This is day 11 of the Kansas Wheat Harvest Reports, brought to you by the Kansas Wheat Commission, Kansas Association of Wheat Growers, Kansas Grain and Feed Association and the Kansas Cooperative Council.
Northwest Kansas has been struggling to get into a harvest rhythm. With high humidity and scattered showers, combines can’t begin rolling until mid-afternoon in most cases. Overall, harvest is getting started about 10 days to two weeks later than normal. Multiple thunderstorms have come through the area, bringing with them large hail and causing significant losses in wheat fields that are just teetering on being dry enough to harvest.
Lisa Schemm from Sharon Springs reports that their harvest started on July 4, about 10 days later than normal. They still have about six days of harvest left when fields dry out, but they’ve been struggling with high moisture and finding fields that are ready.
“This has been one of the latest harvests to get started,” Schemm said, noting it will be, by far, the latest to finish.
Yields have ranged from 30 bushels per acre on fields with hail damage to 55 bushels per acre on dryland to 87 bushels per acre on irrigated land. Test weights have held steady at 60 to 61 pounds, for now. Protein is 12 percent and better.
The Schemm family is fighting weeds and suckerheads, which have been continuing to stall their harvest. Their harvest crew is test cutting several fields but finding moisture is still too high. While annual rainfall averages 18 to 20 inches in their area, they have received all of that average rainfall since mid-May. However, when it comes as quickly as it has, the soils can’t absorb it and benefit as much as they would if it came a little at a time.
Schemm says they planted a little later than others in the area, which may be contributing to their late harvest, but mostly it is caused by the late suckerheads, which are now even taller than the rest of the field, and the high humidity in the area. Their custom harvest crew is strung out across Kansas, with some in Ulysses and others in Sharon Springs. But both crews are struggling to find wheat that’s dry enough to cut. They are scheduled to move on to Montana at the end of next week.
“Why would harvesters want to stay here and wait for it to dry out when there’s good wheat to cut in Montana?” Schemm asked. Even their best wheat has five-foot tall kochia to go along with it. Farmers are having a hard time getting the weeds under control.
In Dodge City, Mike Schmidt, operations manager for Pride Ag Resources, reports harvest started a week late on June 20, but the first big day of cutting was June 26. They received a rain on July 4 and ever since then, harvest has been slow to pick up the pace.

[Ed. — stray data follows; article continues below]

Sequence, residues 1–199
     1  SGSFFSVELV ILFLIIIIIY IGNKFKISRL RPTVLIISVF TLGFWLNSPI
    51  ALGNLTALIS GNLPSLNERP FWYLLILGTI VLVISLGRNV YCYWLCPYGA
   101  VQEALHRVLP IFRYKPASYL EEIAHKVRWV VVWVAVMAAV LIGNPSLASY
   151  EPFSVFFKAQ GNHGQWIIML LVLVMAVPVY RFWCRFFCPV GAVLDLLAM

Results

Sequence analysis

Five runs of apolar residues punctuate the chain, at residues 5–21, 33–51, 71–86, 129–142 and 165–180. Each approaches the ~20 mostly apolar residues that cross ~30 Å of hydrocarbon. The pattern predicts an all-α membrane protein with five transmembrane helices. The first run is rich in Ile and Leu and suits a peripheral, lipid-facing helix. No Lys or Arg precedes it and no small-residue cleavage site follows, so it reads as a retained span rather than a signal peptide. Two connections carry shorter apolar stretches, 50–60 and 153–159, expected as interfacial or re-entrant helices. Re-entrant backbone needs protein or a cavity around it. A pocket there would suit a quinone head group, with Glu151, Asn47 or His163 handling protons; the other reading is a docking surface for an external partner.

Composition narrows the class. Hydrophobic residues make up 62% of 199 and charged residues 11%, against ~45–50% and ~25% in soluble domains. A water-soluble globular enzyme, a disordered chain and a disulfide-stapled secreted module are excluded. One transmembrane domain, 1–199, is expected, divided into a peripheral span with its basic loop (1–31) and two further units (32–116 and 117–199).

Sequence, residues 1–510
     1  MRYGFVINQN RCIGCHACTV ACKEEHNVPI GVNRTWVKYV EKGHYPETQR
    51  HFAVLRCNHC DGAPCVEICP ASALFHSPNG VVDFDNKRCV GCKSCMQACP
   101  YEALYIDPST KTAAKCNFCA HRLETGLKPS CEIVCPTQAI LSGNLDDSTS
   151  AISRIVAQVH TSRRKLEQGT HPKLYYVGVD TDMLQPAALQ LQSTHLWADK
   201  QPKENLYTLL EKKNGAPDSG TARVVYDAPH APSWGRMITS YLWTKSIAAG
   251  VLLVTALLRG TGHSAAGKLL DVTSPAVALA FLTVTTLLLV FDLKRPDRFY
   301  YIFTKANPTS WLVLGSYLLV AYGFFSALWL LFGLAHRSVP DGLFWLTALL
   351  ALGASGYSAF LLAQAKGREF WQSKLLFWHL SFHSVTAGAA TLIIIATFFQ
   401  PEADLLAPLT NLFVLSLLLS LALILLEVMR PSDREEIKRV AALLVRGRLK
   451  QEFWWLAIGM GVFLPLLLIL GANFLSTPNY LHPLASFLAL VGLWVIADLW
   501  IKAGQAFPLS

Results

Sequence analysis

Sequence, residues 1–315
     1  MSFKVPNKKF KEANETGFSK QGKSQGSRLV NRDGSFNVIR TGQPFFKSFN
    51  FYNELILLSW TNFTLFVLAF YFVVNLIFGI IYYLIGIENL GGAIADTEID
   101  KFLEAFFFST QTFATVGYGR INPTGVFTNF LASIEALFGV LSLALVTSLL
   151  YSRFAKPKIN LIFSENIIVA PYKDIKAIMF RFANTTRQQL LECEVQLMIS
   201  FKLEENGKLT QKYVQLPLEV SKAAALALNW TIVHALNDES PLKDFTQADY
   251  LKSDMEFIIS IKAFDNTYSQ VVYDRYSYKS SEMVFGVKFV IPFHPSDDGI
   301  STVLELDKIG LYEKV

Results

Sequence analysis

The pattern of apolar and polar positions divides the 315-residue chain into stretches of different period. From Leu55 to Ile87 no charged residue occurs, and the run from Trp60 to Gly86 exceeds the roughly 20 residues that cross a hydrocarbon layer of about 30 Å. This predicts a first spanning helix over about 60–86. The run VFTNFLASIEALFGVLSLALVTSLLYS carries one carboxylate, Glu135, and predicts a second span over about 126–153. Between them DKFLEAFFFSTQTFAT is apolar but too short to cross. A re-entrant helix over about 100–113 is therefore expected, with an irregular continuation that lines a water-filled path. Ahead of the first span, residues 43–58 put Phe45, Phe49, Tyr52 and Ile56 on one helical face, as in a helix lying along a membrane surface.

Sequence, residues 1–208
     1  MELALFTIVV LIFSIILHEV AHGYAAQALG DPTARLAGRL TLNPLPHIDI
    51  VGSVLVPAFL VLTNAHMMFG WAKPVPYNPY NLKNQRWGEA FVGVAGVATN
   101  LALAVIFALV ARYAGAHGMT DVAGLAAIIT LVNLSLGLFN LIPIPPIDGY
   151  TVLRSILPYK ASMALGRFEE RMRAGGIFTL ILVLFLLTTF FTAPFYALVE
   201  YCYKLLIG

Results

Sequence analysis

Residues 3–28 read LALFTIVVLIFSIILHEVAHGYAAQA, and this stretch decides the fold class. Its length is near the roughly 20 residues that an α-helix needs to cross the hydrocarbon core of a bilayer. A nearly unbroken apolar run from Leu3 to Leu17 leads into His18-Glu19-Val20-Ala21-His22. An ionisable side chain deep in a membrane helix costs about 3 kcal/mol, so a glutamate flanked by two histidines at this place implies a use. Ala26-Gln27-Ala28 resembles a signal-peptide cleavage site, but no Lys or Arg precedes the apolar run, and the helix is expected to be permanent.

Proteins have been all over the board, reaching as low as 7 to 11 percent, and as high as 14 percent. Test weights started out strong, reaching as high as 63 to 64 pounds per bushel; however, as harvest progresses, the test weights have gone down and they are now seeing test weights around 59 to 60 pounds per bushel.
Back in April around Easter, the area received rain in the northern portion of their territory. This saved some fields and got the crop over the hump to potentially be harvested. The southern half was not as fortunate and missed those rain events.
Some farmers in the area have had to control weeds, which not only pushes off harvest, but is yet another costly input to apply to a very short crop.
Although they have not reached Schmidt’s projection yet, he anticipates seeing a third of the wheat they usually bring in. It is still early yet, however, since there are lots of acres left to be cut.
Wheat that comes into the Dodge City facility usually goes to the gulf for export, but not currently. Instead, this wheat will be loaded onto trains to either go to Wichita mills, terminals or off to California.
In North Central Kansas, Mike Jordan from Mitchell County reports that they finished up their harvest on July 4.
“We were some of the last to finish; everybody around us was done around the 4 and 5 of July,” he explained. Jordan says that about one-third of all the fields in his area were abandoned due to thin and weedy wheat. They did not see any hail damage on their crop.
Jordan reports that he was getting good proteins on his wheat, ranging from 13 to 16 percent. They sacrificed yields for this high protein; however, those being just about 12 bushels per acre. His whole farm average landed in the teens this year, unable to pull through the abnormal weather and the effects of these changing patterns.
All of Jordan’s fields are no-till, and he said that some in the area have had continuous wheat yielding in the 30’s, with some even breaking 40 bushels per acre.
“If you wanted to walk across the fields stepping on the wheat plants along the way, you would be doing a lot of jumping,” Jordan notes. In Jordan’s years of farming, he says that he hasn’t experienced a wheat crop this bad since 1989.
“We are really just living rain to rain at this point,” he laments. He continues to say that, although their wheat crop struggled, there is corn in the area that could turn out well. Jordan is quick to acknowledge that, despite this discouraging wheat crop, there is hope for this year for surrounding farmers.
The 2023 Harvest Report is brought to you by the Kansas Wheat Commission, Kansas Association of Wheat Growers, Kansas Grain and Feed Association and the Kansas Cooperative Council. To follow along with harvest updates on Twitter, use #wheatharvest23. Tag us at @kansaswheat on Facebook, Instagram and Twitter to share your harvest story and photos.